1 Department of Biological Sciences, Queensborough Community College, City University of New York, Bayside, New York, USA

2 Department of Biological Sciences, Kingsborough Community College, City University of New York, Brooklyn, New York, USA

3 Department of Biology, Georgia State University, Atlanta, Georgia, USAGeorgia State University


Plumb Beach, Brooklyn, New York in USA is an important horseshoe crab breeding and nursery ground that has experienced substantial anthropogenic influence, including pollution, erosion and subsequent restoration. Since little is known about the relationship between sediment microbial communities and juvenile horseshoe crab survival, next generation sequencing was used to characterize and compare the sediment microbiome of three distinct areas of Plumb Beach:- a tidal creek with abundant juveniles, East Beach with moderate number of juveniles, and West Beach- a highly disturbed area where juvenile crabs are rarely seen. The microbiome of juvenile crab intestinal content (both dissected gut content and fecal flush content) from the tidal creek site was also examined. The results showed that in our 2017 survey, the overall dominant sediment orders at all beach sites were Vibrionales (30%), Flavobacteriales (22%) and Alteromonadales (21%). Although alpha diversity was similar among the three beach sites, Bray-Curtis distances assessed by Permanova revealed significant differences in Beta diversity, with a unique microbial assemblage found in the tidal creek. Both crab gut and fecal flush samples did not sequence well, showing low species diversity and very high variability. This study is the first to use next generation sequencing to characterize Plumb Beach sediment microbes and the first attempt to examine the gut microbiome of juvenile horseshoe crabs. This information will contribute to understanding the relationships between sediment microbial assemblages and juvenile crab populations within this important urban habitat.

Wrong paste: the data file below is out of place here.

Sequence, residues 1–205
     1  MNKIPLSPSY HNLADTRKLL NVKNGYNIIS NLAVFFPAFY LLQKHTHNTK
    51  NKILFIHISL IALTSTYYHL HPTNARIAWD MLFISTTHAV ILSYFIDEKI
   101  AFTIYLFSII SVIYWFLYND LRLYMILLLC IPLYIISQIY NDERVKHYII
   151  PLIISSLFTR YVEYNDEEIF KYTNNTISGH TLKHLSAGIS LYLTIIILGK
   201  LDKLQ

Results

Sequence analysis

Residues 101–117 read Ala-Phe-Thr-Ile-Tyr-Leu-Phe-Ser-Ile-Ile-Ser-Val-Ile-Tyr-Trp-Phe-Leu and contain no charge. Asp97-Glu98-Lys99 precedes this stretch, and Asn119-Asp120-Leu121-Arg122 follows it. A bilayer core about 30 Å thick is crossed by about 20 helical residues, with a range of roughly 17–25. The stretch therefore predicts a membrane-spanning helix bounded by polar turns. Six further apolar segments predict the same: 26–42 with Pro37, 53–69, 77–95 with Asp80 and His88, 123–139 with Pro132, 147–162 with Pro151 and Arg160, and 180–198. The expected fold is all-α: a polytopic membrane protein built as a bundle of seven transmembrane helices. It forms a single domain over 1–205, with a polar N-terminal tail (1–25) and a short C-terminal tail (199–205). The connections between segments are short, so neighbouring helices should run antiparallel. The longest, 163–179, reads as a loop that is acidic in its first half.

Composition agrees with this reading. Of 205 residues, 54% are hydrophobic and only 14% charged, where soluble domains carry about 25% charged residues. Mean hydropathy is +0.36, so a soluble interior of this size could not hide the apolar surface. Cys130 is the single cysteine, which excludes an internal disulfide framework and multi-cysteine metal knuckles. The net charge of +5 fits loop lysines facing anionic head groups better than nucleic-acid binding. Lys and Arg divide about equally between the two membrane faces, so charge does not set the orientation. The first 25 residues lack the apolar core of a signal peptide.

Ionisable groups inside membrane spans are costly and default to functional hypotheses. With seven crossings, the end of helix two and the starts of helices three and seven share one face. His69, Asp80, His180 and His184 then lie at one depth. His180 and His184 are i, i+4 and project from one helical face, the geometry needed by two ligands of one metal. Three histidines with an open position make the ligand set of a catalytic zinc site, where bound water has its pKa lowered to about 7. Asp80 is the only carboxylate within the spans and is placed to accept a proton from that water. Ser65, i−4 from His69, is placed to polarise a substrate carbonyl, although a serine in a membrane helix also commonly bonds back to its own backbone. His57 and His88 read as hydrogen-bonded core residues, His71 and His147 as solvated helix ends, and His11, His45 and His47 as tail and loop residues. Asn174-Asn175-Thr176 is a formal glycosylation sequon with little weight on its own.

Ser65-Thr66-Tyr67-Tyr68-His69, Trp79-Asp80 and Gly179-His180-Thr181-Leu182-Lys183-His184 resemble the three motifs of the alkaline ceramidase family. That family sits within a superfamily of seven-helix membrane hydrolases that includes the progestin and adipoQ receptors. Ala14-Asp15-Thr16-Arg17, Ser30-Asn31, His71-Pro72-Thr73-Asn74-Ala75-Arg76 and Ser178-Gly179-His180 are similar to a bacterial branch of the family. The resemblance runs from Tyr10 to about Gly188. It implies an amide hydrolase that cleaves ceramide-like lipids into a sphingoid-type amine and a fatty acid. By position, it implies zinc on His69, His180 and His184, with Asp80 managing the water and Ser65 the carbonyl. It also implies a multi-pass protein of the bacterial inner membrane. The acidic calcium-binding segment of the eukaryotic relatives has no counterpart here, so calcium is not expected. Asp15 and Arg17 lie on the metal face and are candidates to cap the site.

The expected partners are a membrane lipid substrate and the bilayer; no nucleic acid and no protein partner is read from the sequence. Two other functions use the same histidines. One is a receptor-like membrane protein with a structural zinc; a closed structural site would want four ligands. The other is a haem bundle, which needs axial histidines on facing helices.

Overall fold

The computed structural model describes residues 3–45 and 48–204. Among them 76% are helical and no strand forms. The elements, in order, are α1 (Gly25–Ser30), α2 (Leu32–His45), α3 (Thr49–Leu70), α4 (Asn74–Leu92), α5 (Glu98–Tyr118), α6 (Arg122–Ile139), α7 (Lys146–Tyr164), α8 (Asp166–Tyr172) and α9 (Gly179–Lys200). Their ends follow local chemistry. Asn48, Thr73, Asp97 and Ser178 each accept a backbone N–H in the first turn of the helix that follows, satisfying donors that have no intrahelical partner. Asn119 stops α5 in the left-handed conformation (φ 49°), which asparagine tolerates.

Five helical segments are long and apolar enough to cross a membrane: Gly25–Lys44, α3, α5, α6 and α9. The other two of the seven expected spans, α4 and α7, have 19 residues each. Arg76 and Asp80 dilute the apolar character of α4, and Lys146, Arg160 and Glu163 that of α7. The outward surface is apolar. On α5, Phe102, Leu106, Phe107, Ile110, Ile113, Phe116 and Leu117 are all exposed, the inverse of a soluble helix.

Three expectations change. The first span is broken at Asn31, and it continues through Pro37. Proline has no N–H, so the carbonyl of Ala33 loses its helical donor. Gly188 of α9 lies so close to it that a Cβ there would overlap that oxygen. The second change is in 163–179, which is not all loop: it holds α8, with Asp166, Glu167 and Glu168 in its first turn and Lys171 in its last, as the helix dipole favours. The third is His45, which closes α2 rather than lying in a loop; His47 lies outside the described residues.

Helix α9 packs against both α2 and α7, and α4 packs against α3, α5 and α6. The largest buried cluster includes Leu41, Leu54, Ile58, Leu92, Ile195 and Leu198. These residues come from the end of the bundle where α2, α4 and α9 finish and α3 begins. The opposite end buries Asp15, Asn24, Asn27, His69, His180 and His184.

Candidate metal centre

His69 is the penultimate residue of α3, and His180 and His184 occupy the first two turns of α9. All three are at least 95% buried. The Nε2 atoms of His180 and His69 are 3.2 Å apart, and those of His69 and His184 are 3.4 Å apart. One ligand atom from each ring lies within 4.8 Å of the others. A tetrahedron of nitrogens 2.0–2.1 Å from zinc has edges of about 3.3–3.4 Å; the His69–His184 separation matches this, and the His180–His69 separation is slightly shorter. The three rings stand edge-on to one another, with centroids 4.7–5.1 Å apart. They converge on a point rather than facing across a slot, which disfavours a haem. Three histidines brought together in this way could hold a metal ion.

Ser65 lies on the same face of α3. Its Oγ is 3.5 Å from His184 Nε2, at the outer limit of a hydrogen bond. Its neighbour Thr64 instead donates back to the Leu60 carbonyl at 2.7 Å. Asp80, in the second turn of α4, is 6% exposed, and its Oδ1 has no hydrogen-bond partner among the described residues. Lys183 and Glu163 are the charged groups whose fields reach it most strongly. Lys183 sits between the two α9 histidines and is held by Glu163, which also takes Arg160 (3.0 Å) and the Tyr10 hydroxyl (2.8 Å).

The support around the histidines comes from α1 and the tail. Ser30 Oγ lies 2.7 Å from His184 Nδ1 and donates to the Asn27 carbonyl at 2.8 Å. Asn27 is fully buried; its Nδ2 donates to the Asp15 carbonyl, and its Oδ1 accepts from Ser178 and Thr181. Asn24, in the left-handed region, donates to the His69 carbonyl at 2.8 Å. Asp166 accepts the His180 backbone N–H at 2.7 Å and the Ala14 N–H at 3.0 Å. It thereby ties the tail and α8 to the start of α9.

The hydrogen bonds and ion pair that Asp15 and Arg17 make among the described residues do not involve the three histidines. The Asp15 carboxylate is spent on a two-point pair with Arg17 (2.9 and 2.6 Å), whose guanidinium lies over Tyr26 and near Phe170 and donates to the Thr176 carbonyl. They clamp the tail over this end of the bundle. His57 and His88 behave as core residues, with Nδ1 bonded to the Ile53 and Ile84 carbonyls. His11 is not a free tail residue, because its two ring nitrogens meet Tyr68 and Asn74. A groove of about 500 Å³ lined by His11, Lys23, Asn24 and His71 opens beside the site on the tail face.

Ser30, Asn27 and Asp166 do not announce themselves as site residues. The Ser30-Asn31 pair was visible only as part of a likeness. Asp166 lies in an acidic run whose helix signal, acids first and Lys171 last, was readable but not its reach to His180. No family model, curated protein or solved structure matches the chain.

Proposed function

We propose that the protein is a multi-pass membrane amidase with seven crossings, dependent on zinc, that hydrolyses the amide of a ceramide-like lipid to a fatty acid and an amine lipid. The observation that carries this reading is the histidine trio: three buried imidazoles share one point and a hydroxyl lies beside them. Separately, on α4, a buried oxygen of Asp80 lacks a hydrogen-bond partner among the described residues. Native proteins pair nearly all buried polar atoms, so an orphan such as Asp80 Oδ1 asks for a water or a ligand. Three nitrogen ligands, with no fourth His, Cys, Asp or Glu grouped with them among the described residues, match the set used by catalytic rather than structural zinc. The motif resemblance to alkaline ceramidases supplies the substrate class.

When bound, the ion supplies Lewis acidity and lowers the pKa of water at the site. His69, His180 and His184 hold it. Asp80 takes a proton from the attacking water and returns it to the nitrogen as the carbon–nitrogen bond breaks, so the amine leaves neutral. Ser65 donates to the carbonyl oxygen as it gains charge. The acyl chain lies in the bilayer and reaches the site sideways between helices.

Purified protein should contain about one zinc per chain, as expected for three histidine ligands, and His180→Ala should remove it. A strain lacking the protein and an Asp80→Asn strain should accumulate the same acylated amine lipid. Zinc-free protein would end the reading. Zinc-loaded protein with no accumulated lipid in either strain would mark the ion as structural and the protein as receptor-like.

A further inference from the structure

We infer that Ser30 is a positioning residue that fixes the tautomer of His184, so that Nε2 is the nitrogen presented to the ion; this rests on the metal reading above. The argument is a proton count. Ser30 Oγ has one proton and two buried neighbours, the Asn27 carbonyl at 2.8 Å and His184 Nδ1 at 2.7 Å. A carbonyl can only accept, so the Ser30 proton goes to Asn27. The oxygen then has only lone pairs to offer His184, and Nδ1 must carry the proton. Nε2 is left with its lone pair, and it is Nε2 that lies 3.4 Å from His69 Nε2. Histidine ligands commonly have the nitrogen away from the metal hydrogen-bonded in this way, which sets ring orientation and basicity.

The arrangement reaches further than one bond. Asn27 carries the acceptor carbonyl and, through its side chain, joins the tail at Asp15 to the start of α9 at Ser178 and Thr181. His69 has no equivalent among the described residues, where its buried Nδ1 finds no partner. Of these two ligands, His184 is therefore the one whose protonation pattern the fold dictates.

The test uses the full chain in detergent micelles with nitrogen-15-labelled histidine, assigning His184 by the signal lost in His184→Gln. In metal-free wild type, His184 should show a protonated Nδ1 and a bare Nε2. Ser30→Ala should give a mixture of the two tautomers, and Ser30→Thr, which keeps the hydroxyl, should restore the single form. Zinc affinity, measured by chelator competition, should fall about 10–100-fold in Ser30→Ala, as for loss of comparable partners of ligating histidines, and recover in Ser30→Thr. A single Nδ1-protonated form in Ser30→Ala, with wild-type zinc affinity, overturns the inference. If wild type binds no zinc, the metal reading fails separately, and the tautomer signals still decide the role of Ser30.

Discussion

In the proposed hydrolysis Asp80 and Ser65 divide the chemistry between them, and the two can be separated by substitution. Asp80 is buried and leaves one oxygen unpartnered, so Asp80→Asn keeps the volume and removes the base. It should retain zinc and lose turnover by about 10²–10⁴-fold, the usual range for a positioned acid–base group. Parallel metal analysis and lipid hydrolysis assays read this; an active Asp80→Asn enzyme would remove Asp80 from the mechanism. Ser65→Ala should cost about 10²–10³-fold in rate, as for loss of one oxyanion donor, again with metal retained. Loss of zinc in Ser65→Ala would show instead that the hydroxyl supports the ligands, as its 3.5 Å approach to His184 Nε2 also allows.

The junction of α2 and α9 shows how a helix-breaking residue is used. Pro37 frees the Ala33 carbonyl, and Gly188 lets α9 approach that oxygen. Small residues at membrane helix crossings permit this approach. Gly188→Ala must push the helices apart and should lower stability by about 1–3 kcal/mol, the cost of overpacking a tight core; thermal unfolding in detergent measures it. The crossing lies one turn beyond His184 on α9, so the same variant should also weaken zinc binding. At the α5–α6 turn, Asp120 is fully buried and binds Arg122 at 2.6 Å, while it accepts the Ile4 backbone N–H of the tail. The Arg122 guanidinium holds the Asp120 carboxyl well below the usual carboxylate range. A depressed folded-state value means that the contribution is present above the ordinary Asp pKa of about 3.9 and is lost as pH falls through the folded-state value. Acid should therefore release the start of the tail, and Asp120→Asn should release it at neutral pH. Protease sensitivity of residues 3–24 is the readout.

Graphical Abstract


  • The study is the first to use a metagenomics approach to examine microbial assemblages in the sediments at Plumb Beach (Jamaica Bay, NY)- an important habitat for juvenile horseshoe crabs whose numbers have been in decline in recent years;
  • The results show that distinct beach areas share several taxa in common but also have their own unique assemblages. Vibrionales, Flavobacteriales and Alteromonadales were the most common orders found among all sediments;
  • Samples taken from juvenile horseshoe crab digestive tracts (fecal samples and dissected gut contents) yielded low sequence numbers and high variability;
  • Knowledge of the sediment microbiome at Plumb Beach will increase understanding of environmental conditions suitable for juvenile horseshoe crabs that could inform future conservation, restoration and reintroduction activities.


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